It's early to say (it's not the first time that ARM processors are deployed with fanfare) but if the significant improvement in performance keep showing when real-world applications are ported and deployed in the field, this is really impressive stuff.
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Re: New Macs

Postby CS70 » Mon Nov 23, 2020 10:04 pm

James Perrett wrote:
A thought occured to me - I wonder if this is why the Cockos team have been working on an ARM implementation of Reaper? They ported it to the Raspberry Pi a few months ago but I guess this ARM experience would give them a head start with porting to the new Mac architecture.

Might well, given that they probably have made use of the portability of C/C++, if they hadnt done it before (stuff like size of integers, if they are signed or not, numerical representations at bit level etc).

Do they have a Mac version already? If yes, then definitely shouldn't be a problem at all..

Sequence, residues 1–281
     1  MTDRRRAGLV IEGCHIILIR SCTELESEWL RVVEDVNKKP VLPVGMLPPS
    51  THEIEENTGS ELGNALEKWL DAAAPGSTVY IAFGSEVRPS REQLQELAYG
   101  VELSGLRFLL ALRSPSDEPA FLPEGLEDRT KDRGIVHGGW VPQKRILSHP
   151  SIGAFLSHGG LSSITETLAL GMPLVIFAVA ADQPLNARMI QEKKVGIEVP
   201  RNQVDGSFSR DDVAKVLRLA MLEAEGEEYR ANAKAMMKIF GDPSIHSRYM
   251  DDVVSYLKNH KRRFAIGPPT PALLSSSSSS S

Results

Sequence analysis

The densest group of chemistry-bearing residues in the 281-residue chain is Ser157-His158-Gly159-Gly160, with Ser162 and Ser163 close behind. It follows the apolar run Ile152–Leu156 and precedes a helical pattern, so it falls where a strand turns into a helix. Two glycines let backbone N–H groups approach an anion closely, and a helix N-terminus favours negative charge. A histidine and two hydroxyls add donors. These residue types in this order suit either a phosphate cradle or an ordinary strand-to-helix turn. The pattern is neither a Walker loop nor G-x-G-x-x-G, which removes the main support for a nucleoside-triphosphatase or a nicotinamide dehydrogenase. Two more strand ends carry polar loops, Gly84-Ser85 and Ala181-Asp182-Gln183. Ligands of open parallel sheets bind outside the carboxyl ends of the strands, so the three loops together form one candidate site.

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Re: New Macs

Postby desmond » Mon Nov 23, 2020 10:24 pm

CS70 wrote:So long the OS of Apple stays similar, it's mostly a matter of recompiling. Since for decades now compilers have been far better than human programmers in optimizing, it's also unlikely that there's a lot of assembly in the codebases. Sure there can be a few traps if the codes not first quality, but for big, popular apps it's unlikely.

Yes, but not necessarily for very tight performance loops, when developers use all kinds of clever tricks and clever hand optimising to eek out as much performance as possible. if your audio loop utilises particular techniques that Intel chips have to eek out more performance, those same techniques might not work on chips with other architectures. There may be different tricks to use, but the dev would still have to do a fair bit of investigative work and testing.